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Robert McCarthy: Strange bedfellows bid farewell

Down in New York City, where ultra-progressives like Bill de Blasio preside, it might be hard to grasp the Tuesday night scene occurring 380 miles away in Lackawanna.

Byron Brown attended the interview meeting of the Erie County Conservative Party at Jay’s White Elephant as his re-election campaign for mayor of Buffalo kicks off. For many years, Democrat Brown has eagerly sought the minor party’s blessing.

But now Brown is also chairman of the New York State Democratic Committee. Upstate Conservatives and downstate Democrats cooperate about as much as Bills and Jets on the line of scrimmage. Especially in recent years, the two parties represent all that is opposite.

By all accounts, however, Brown “wowed ’em” at Jay’s White Elephant. He thanked the state’s top minor party for its long support, pointed to his record of holding the line on taxes and touted Buffalo’s growth and development during his almost 12 years as mayor.

“There’s not another elected official in this county who can say the same thing,” said Erie County Conservative Chairman Ralph Lorigo.

But this is Andrew Cuomo’s state chairman, the same Andrew Cuomo for whom 380 miles is too close for anything resembling a Conservative confab. This is the same Byron Brown, meanwhile, who hit the road in Pennsylvania and Florida last fall for Hillary Clinton, not exactly a darling of the Conservative set.

Indeed, the New York City crowd already wonders why some guy from Buffalo leads the party in the first place. The metropolis calls the shots, don’t you know.

Maybe that’s why so many pols are tiptoeing around the Tuesday meeting. Brown says his appearance was to say thank you – not to seek the endorsement.

“Things have certainly changed due to the fact that I am now the state Democratic Party chairman,” he said.

Lorigo says the mayor never submitted a formal letter seeking the endorsement, but acknowledges Brown asked for support during an earlier meeting.

“From the beginning of the year, my belief was that he was seeking the endorsement,” Lorigo said, adding it became mutually understood that Brown would not get it. Both men agreed the Tuesday appearance represented the best way to handle the inevitable split.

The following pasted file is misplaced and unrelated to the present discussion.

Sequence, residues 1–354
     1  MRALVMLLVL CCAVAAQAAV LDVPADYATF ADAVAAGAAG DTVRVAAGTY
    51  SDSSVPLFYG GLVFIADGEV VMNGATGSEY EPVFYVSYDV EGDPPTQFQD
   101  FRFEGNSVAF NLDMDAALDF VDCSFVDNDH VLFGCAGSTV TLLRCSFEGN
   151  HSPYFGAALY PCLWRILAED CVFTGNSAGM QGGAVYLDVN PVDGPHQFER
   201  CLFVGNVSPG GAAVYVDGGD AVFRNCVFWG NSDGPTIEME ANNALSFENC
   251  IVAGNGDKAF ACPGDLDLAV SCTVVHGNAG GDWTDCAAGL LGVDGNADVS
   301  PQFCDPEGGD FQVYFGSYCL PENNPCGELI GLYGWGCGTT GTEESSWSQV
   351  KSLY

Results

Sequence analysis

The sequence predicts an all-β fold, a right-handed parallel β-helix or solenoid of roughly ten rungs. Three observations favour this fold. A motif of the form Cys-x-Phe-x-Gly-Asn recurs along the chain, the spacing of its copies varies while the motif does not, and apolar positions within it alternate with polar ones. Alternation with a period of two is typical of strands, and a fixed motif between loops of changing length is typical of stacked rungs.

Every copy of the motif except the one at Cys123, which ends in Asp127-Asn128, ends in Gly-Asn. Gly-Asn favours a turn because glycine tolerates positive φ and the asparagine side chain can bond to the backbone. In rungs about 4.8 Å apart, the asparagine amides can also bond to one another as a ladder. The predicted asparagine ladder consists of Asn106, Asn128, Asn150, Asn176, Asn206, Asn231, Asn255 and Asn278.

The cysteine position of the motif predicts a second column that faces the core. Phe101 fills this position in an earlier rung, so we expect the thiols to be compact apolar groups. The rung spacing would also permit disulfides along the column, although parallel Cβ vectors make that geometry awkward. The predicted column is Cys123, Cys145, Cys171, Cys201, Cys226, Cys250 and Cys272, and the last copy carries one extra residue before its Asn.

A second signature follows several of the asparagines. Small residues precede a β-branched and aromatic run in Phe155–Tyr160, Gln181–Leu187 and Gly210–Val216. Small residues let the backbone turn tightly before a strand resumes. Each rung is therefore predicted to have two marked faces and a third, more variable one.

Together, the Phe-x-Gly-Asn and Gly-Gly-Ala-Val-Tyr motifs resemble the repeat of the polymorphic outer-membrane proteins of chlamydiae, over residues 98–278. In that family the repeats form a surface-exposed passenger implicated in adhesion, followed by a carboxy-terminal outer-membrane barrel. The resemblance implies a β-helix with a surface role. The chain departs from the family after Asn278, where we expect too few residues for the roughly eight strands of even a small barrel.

It gets even more complicated. Democrat Mark Schroeder also wants the endorsement after gaining the Conservative nod for years. The line could be crucial for Schroeder as a backup. If he loses the September Democratic primary to Brown, he could mount a credible campaign on the Conservative line through November.

But Erie County Conservatives still mostly align with Republicans, and the GOP doesn’t want anyone of Schroeder’s status on the city ballot in November. He could attract lots of voters in heavily Democratic Buffalo, complicating Republican hopes for a sweep by their countywide candidates.

Lorigo says the party will probably endorse a “placeholder” – a lawyer who can be substituted onto a State Supreme Court ballot somewhere in New York should Schroeder pull an upset and win the Democratic primary. Local Conservatives could then install him on the November mayoral ballot.


• Quick trivia question: Who is the new head of the national Republican Party?

Not many know that Ronna Romney McDaniel is new Republican National Committee chairwoman since Reince Priebus left the party helm for the White House. Kin of 2012 GOP presidential nominee Mitt Romney, the former Michigan chairwoman will attend “friendraiser” meetings in the Buffalo area on June 5 and 6.

Top GOP supporters like Tony Gioia, Charlie Banta, Rep. Chris Collins, Charlie Joyce, Patrick Lee and Chairman Nick Langworthy are organizing the event.

• Quote of the Week comes from Erie County Democratic Chairman Jeremy Zellner on the party’s support for sheriff candidate Bernie Tolbert: “No one else has requested it, so we’ll be moving forward.”

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